Let’s now look at some other culture theories and tools. I compare them with the CVF - so you can see how they differ or align. The Denison Organizational Culture Model is based on the same concept as the CVF. They discern four essential traits of organizations:
In this new series, I'll discuss the best-known organizational culture theories and tools and compare them to the Competing Values Framework and its OCAI survey. Which model you like best depends on your situation. The choice depends on how “wide and deep” you want to work with culture in your organization. Other criteria might be your personal preferences regarding the theory, and how detailed or time-consuming the associated surveys are. But also: the ease of use, your dependency on expensive consultancy, the obligation of expensive certification, or whether you can do-it-yourself.
Learning to “see” culture; group dynamics, beliefs, and behaviors is always helpful at work. When you become aware you can contribute to developing a positive culture - or you can better understand what change is needed in your organization. There are roughly two ways to understand and assess the current organizational culture.
The Competing Values Framework, developed by Cameron and Quinn, is a very insightful culture model. In essence, it is a descriptive model. It is not normative - prescribing wich culture type is best. That depends entirely on your organization's situation. All four archetypes of culture have their merits - and they are described with neutral or positive characteristics. You can find more details about these culture types.
Do you have gurus or heroes who inspire you? I am honored to be ranked #5 of thirty organizational culture gurus for 2017. This is wonderful, of course, but the list got me thinking. I find myself a little ambivalent towards stardom and heroes. This may be a cultural issue. I was raised in a rather egalitarian and feminine national culture in the Netherlands. These are two dimensions of Geert Hofstede’s culture model that compares national (and organizational) cultures.
Does your organization have a strong, homogeneous culture? Is that desirable? Does everyone hold the same values, beliefs, priorities, norms, preferences? Does everyone eat the same lunch menu every day?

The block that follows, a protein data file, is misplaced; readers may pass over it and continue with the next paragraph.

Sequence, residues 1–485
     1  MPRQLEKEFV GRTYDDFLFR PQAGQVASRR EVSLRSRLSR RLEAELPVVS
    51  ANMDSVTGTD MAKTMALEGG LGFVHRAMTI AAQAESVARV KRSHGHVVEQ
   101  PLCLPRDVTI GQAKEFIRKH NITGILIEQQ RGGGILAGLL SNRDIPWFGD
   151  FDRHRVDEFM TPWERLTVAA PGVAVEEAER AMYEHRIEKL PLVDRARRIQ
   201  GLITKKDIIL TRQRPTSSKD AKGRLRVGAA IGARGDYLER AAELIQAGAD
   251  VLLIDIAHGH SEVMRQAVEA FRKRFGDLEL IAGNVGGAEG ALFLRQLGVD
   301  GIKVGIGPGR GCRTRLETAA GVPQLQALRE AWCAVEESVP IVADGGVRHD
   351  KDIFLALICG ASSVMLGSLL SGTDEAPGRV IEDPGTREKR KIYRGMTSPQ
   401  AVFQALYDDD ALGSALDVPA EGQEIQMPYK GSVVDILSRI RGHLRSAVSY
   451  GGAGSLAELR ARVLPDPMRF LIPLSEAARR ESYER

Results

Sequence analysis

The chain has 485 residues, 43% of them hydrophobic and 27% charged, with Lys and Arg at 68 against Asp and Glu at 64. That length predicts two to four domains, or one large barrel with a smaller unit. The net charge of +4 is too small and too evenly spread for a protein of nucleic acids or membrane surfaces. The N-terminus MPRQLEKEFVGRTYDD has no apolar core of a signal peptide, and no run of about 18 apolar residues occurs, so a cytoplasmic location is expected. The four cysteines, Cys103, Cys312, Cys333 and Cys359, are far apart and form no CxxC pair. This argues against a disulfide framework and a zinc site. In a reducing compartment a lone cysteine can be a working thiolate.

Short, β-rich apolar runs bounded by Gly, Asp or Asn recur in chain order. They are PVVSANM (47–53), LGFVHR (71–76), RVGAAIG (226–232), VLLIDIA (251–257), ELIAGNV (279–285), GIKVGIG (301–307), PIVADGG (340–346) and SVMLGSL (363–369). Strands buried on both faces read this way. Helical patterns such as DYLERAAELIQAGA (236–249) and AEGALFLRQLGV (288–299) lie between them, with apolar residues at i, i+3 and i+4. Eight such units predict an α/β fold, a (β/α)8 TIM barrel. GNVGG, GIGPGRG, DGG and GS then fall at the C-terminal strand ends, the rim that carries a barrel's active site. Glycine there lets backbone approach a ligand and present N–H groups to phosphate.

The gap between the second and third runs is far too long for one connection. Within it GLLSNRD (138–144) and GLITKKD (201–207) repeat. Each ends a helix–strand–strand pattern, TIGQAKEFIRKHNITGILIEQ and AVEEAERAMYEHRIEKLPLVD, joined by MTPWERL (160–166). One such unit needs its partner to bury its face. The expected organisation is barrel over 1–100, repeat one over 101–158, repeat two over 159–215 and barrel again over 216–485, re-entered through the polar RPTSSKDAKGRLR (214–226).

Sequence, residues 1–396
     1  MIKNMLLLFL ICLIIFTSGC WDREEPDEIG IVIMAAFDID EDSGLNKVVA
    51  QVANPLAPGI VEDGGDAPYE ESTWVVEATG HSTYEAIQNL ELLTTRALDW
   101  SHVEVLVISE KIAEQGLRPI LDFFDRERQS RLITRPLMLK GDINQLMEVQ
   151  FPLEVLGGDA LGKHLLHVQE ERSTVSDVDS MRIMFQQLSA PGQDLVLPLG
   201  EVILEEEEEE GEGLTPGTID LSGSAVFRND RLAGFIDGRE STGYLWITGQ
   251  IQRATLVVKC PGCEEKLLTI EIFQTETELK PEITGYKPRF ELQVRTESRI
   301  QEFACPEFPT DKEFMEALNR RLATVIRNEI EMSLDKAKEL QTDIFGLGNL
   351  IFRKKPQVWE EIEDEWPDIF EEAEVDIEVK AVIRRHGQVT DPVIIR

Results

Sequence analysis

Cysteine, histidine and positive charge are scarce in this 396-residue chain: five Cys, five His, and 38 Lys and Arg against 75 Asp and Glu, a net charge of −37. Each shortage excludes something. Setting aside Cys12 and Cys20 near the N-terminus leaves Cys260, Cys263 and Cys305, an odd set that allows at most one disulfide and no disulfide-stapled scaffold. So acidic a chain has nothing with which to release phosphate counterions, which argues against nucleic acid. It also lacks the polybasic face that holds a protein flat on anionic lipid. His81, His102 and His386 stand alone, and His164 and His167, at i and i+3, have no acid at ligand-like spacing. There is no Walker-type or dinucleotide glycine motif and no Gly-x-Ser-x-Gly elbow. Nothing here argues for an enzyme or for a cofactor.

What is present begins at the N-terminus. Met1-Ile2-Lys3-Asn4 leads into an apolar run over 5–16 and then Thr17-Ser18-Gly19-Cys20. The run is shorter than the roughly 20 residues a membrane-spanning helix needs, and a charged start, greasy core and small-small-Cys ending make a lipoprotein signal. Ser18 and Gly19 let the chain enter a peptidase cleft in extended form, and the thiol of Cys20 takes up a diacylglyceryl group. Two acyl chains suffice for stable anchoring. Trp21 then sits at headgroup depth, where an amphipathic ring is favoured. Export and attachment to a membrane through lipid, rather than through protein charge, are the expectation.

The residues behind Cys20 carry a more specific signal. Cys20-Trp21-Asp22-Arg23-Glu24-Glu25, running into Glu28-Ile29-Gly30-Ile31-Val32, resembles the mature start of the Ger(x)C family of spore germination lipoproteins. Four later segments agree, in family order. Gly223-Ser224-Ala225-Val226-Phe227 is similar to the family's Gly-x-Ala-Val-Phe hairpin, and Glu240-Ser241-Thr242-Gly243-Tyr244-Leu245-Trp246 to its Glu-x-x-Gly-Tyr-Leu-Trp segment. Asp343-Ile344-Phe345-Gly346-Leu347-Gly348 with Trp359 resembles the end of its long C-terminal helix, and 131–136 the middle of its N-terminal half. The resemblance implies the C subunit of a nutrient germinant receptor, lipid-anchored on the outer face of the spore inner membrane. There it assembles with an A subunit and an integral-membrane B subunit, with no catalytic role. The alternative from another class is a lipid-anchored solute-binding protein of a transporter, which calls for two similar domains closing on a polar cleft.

What is your biggest challenge with organizational culture? That’s an extra question we ask all free respondents who use the Organizational Culture Assessment Instrument. Just because we’re curious - what are you struggling with? What do you need help with? What can I blog about to inspire you?
There’s a long list of interesting topics submitted by over 25,000 people over the last two years.
One returning topic is multinational or international collaboration. Here are some challenges people submitted:
We were sitting in a room in a foreign country: 20 executives were waiting for the CEO to arrive. I was present to facilitate the first part of their workshop on culture after they did the OCAI culture survey. People were checking their laptops, smartphones or talking softly to their neighbor. The CEO was ten minutes late.
I checked the time with the HR manager who was my contact at the company. Should we call the CEO to remind him? No, he said, he’ll arrive shortly.
How has your year been? It's time to evaluate, and develop new intentions. My intention is to inspire toward positive organizations where people and performance thrive.
OCAI Online aims to contribute to positive workplaces by offering the online culture survey so people can work on their culture.
But before we look at intentions, let's look back at my best liked 12 articles to date - including one "evergreen" article that received less likes because I didn't promote it on social media but that is worth reading!
Are you engaged at work? Are you content, and productive? Are you thriving?
Most people would answer these questions with a firm No. According to the infamous Gallup research, only 13% of workers is engaged, worldwide.
This means there is a staggering 87% of untapped potential while the world is struggling with serious challenges such as the climate challenge, sustainability, pollution, poverty, human rights, inequality, globalization, de-industrialization, refugees and migration, banking crises, tax havens, war, and conflict…